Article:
In an eighteen-limbed species this is of course a less drastic punishment than it would be among humans, but to Imogen’s eyes it still appears barbaric.
     This despite the fact that all the arms which have been thus removed are now quite visibly growing back.


     The Bishop ushers forward one of the Barren, a ruddy, stippled individual whose smaller stature betrays his relative youth. His missing arm has now grown back to nearly two-thirds of its original length, its end already circled with stubby fingers.
     ‘This,’ Hgnull tells the humans, ‘is Mhiskir. He was brought here half a year ago, from the other side of the continent, then indentured as a treestar-herd.’
     It was Mhiskir whose vision started the current spate of miraculous healings in this outcast community. It was (if the Order of St Kloxoth, who still take an interest in the planet, can be believed) a vision of the Blessed Mhust, the first Brisingi to convert to Catholicism and a hot contender for sainthood. The Kloxothans, whose patron was also of the extraterrestrial persuasion, precipitated the priests’ current mission on Brising.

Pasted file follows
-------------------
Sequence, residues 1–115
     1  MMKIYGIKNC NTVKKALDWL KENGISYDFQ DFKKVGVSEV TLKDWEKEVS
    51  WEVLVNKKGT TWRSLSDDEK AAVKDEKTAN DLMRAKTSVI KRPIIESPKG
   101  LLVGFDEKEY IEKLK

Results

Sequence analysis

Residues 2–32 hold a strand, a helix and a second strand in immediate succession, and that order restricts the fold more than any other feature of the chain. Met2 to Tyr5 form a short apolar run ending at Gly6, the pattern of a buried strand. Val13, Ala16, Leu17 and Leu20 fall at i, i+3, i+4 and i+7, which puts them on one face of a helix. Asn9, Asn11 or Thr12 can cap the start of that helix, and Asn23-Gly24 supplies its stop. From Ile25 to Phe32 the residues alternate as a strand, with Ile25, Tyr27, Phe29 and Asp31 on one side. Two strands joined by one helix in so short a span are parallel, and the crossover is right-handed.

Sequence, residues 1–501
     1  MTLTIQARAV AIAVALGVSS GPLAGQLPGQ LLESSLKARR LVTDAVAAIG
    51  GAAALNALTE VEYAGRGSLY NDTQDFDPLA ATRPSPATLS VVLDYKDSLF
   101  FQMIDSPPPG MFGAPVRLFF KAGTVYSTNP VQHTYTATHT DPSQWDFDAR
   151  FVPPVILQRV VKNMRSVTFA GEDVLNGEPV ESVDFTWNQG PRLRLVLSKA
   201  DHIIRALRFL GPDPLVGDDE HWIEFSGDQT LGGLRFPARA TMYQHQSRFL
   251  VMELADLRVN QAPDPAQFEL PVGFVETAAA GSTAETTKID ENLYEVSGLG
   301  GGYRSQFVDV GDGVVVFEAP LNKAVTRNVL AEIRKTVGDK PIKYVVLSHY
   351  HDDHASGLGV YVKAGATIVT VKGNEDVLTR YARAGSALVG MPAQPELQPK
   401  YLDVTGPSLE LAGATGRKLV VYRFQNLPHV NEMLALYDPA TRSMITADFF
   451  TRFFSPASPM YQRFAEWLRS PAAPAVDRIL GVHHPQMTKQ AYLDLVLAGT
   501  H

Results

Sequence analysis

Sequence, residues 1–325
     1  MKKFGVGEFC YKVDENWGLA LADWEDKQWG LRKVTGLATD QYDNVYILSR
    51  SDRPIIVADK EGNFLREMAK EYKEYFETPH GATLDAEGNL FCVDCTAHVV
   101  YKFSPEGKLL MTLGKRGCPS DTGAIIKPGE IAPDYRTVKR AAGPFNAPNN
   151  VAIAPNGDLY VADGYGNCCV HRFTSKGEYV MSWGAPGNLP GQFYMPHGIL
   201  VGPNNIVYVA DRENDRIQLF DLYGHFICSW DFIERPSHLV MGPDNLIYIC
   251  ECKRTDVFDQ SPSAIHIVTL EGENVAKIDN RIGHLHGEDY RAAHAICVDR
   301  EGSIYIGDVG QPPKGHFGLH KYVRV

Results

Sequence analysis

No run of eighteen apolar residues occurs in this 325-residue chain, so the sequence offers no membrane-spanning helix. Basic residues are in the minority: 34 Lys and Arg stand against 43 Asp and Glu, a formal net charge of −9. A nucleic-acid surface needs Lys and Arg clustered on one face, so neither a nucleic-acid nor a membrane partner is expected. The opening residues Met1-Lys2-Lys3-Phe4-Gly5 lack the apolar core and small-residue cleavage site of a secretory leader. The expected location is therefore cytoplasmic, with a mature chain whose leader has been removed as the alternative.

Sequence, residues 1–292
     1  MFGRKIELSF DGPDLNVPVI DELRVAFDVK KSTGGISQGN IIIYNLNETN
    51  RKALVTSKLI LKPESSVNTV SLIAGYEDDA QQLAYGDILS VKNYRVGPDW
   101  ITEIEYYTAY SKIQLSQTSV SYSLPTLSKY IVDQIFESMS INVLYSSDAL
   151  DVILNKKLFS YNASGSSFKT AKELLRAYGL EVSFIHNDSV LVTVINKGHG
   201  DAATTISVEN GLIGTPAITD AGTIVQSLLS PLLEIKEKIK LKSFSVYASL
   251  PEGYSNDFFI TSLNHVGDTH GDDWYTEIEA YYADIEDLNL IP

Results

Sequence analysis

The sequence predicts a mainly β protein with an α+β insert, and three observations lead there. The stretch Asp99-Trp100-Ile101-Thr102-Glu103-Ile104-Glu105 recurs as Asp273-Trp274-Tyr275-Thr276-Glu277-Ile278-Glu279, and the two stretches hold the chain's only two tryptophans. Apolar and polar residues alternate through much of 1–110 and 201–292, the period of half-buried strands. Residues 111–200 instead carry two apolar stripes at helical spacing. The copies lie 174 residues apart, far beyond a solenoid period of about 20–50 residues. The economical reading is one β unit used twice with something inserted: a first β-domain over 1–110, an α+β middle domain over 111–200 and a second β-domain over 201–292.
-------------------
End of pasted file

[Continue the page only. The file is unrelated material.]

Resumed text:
It soon becomes clear, however, that the account which reached the Order was deficient in certain vital respects.
     ‘Was it the Blessed Mhust you saw, Mhiskir?’ Father Soranzo asks, getting straight to the point.
     ‘I suppose,’ Mhiskir says. The lad is shy, and speaks no English. The local priest acts as his interpreter. ‘It was a Brisingi, all shining with light. I suppose it must have been.’
     ‘Who did you tell about it first?’ Soranzo asks.
     ‘I went straight to the treestar pens and told my boss,’ Mhiskir says. ‘But he-she said I was wicked and arrogant to say such things. Then he-she chopped off my arm.’